Well I did it for myself in the 70's or the 80's or the 90's, so they should be able to do it too.

No, they can't. The deck is stacked so far against them it's not even funny. What's even more sickening is that the younger generation is going to have to pay for all the elderly baby boomers and their self created problems, which won't give them any time to undue the mess created by the original "ME Generation".

We hear all the time that the point of all this is to leave a better world for our children, well sorry to tell you, but Baby Boomers did exactly the opposite.

~Tenth



posted on Dec, 30 2015 @ 07:41 AM
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originally posted by: Subaeruginosa
Yeah, but we only rank at 5th because of circumstances that most minimum wage earners will never have to worry about,


Not relevant. The minimum wage is meant to be transitory for the majority of people that receive it.


That's the point... the cost of basic food items and rent is not much different than in the US.


It is noticeably different and I get to use the money I saved on those sectors to spend on other activities or goods that you need to forego. By spending that money I also put it back into the economy. You do not have the same luxury.



posted on Dec, 30 2015 @ 07:53 AM
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a reply to: AugustusMasonicus


You do not have the same luxury.


The majority of Aussie's who simply rock up to work have plenty of "luxuries" mate... I wouldn't worry yourself to much about that.



posted on Dec, 30 2015 @ 07:59 AM
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originally posted by: Subaeruginosa
The majority of Aussie's who simply rock up to work have plenty of "luxuries" mate... I wouldn't worry yourself to much about that.


You would have more discretionary income if you were not the 5th most expensive place to live on the planet which is the point. Face it, our money goes further because we have an appreciably higher purchasing power.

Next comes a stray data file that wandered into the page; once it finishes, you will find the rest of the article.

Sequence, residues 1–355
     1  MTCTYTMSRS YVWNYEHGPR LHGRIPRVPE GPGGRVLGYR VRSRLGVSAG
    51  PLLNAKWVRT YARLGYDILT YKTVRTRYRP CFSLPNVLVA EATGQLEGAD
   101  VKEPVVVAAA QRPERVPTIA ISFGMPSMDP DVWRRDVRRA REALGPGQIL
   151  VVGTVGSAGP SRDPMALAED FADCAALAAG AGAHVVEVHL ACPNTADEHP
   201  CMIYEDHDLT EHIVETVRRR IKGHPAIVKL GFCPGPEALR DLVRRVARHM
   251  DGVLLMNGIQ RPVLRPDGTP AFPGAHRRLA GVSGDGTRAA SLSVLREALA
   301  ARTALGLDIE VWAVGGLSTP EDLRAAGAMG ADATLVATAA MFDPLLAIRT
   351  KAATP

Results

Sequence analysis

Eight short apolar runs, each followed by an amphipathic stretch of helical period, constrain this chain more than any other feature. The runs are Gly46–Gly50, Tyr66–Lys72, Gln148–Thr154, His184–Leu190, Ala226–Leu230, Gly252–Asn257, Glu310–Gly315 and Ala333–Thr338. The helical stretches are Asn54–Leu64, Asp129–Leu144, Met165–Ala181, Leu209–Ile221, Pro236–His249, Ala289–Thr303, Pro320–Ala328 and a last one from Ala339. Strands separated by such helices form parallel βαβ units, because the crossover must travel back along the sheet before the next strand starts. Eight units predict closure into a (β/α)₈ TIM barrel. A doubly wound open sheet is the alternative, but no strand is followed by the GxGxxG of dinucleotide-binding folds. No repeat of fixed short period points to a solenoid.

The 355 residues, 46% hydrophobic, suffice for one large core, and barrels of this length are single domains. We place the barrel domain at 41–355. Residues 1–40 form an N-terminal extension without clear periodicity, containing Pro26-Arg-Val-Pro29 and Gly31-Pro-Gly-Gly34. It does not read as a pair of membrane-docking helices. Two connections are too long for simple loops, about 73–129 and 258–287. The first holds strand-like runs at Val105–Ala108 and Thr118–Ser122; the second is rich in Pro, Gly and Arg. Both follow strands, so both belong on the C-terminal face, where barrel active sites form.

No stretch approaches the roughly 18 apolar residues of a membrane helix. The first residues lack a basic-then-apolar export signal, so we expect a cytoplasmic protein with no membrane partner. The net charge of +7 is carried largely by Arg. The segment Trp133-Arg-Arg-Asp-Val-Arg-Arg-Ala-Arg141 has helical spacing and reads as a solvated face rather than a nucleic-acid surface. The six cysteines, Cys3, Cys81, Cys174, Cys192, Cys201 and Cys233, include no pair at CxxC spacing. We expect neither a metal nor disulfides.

posted on Dec, 30 2015 @ 08:01 AM
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a reply to: tothetenthpower

I think it has to be said, that anyone who remains unfamiliar with, or wilfully ignores facts like those displayed in your post, has a severe allergy to the truth.

Unfortunately, that is very much the case with a great many people. With even people like Nick Hanauer (billionaire businessman) trying to get people to pay their staff a living wage, you have to wonder why an overwhelming number of people from the right argue against it. Given that most of the people arguing against his position have had very little financial success by comparison, it is staggering that so many see themselves fit to debate the point.

Bias, however, has never needed the benefit of reason to back it up, in order to remain current and powerful in the minds of the masses.



posted on Dec, 30 2015 @ 08:07 AM
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a reply to: TrueBrit

It's really annoying because if you look at it from an economic standpoint.

If MORE people had better wages it would lease to less dependence on social programs, which would in turn lower the cost of running government agencies. This is a win win for all involved when it's done correctly.

~Tenth



posted on Dec, 30 2015 @ 08:13 AM
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a reply to: tothetenthpower

Well, that is rather the problem with the whole capitalist framework, is it not?